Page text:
Target Practice

July 5, 2017

The tricky thing about muzzle-loading rifle muskets is that they are so hard to shoot accurately at distance. Although sighted to 800 or 900 yards, Joe Civilian couldn’t just pick up a Springfield or Enfield and hit anything with it. Even hitting much closer targets took training.

Two factors went into this training: range estimation and actual live fire at known distances.

Range estimation was crucial, because if you didn’t know the distance to your target, you didn’t know where to set your sight – especially on the Enfield, which had a more detailed and complicated sight than the simpler Springfield leaf sight.  The Enfield had 100 yard gradients and a sliding crosspiece, while the 1861 Springfield merely had leaves that could be raised or lowered for close, medium, and long range.

Enfield Sight

Springfield Sight

Why was range so critical? If the shooter estimated a target at 500 yards, but it was actually 400 yards distant, a wrong setting could actually lob the minie ball completely over the heads of the approaching enemy battle line. This problem only got worse the greater the range, since the actual beaten zone (that area within the lethal strike zone of the incoming round) shrank over distance.

So I take great interest in reading an account from a Civil War Soldier actually discussing range training, even in passing.

Take, for example, this transcription of a letter from one Hezekiah Rabb of the 33rd Alabama Infantry, written May 23, 1863, at Wartrace Tennessee:

550 yards is one of the longer distances I have seen referenced in such letters. The 33rd Alabama served in S.A.M. Wood’s brigade of Cleburne’s Division, and there is some corroborating evidence of range training in other units of the Army of Tennessee at this time, but usually more in the context of creating the Whitworth Sharpshooter detachments.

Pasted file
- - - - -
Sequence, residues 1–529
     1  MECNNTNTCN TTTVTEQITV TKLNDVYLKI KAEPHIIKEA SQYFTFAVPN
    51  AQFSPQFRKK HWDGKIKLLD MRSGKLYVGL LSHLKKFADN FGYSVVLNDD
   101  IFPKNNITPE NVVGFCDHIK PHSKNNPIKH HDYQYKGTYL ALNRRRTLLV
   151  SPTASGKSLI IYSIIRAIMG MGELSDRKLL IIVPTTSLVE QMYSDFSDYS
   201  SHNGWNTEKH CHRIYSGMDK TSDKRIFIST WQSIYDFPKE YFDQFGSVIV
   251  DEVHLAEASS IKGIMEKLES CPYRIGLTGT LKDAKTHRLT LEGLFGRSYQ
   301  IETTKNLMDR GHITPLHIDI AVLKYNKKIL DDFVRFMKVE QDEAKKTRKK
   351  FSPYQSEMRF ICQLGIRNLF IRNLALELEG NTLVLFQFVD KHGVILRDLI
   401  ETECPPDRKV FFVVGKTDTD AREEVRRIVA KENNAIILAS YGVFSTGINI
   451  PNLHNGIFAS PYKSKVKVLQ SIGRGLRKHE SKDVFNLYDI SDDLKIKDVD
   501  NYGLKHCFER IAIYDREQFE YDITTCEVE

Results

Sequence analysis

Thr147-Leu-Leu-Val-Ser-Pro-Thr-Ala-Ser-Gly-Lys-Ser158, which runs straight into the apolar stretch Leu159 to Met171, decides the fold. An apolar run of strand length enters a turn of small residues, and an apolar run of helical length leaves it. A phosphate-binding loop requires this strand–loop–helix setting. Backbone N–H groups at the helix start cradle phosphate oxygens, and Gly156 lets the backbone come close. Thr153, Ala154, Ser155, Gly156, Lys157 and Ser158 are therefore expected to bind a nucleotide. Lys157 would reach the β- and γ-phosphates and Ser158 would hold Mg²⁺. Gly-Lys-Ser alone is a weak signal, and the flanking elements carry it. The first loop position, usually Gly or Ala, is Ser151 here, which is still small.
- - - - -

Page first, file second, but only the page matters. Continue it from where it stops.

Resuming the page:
The Other Rock of Chickamauga?

May 30, 2017

Friends,

As some of you know, while the Chickamauga Blog remains my own project, I also post over on Emerging Civil War.

This particular post seems equally worthy of both sites, and so I am going to post the beginning of this post here, and then link it to the full post over at ECW. I think this little tidbit is particularly fascinating, I hope you all do, too…

 

Brotherton Field, Chickamauga-Chattanooga National Military Park

One of the joys of research is turning an unexpected corner to find out something new. That happens every so often, and when it does, I always get a little buzz of excitement. Most recently, that buzz came when I stumbled across the name William W. Burns in the official records.

General W. W. Burns, 1862

Now, Brigadier General William Wallace Burns was not exactly completely unknown to me: I knew he was a brigade commander in the Army of the Potomac in 1862, serving in the Second Corps under generals Sedgwick and Sumner; and later, a divisional commander in the Ninth Corps during the Fredericksburg campaign. He distinguished himself as a first-rate leader and capable fighter in the Seven Days’ battles of Savage Station and Glendale. He took a severe face wound at Glendale, not returning to the army until the fall, when he was stepped up to divisional command.

But I was surprised to see him mentioned in a January 1863 dispatch sent by Union Major General William Starke Rosecrans to the War Department, inquiring about Burns’ availability for a command in the west. Burns was one of “several good officers” Rosecrans desired to have join his own command, the Army of the Cumberland.

Interesting.

The rest of the story…

Memorial Day: One Soldier

May 28, 2017

 

I took Killian the Research Hound for a walk this morning. In a departure from our usual practice of hitting one of the local walking trails, we went to Union Cemetery in Crystal Lake, Illinois. It’s not an overly large place, just a few acres, but it does have the Veterans Memorial pictured above. (forgive the quality – I took the image one-handed while convincing the Research Hound to sit still for a minute.)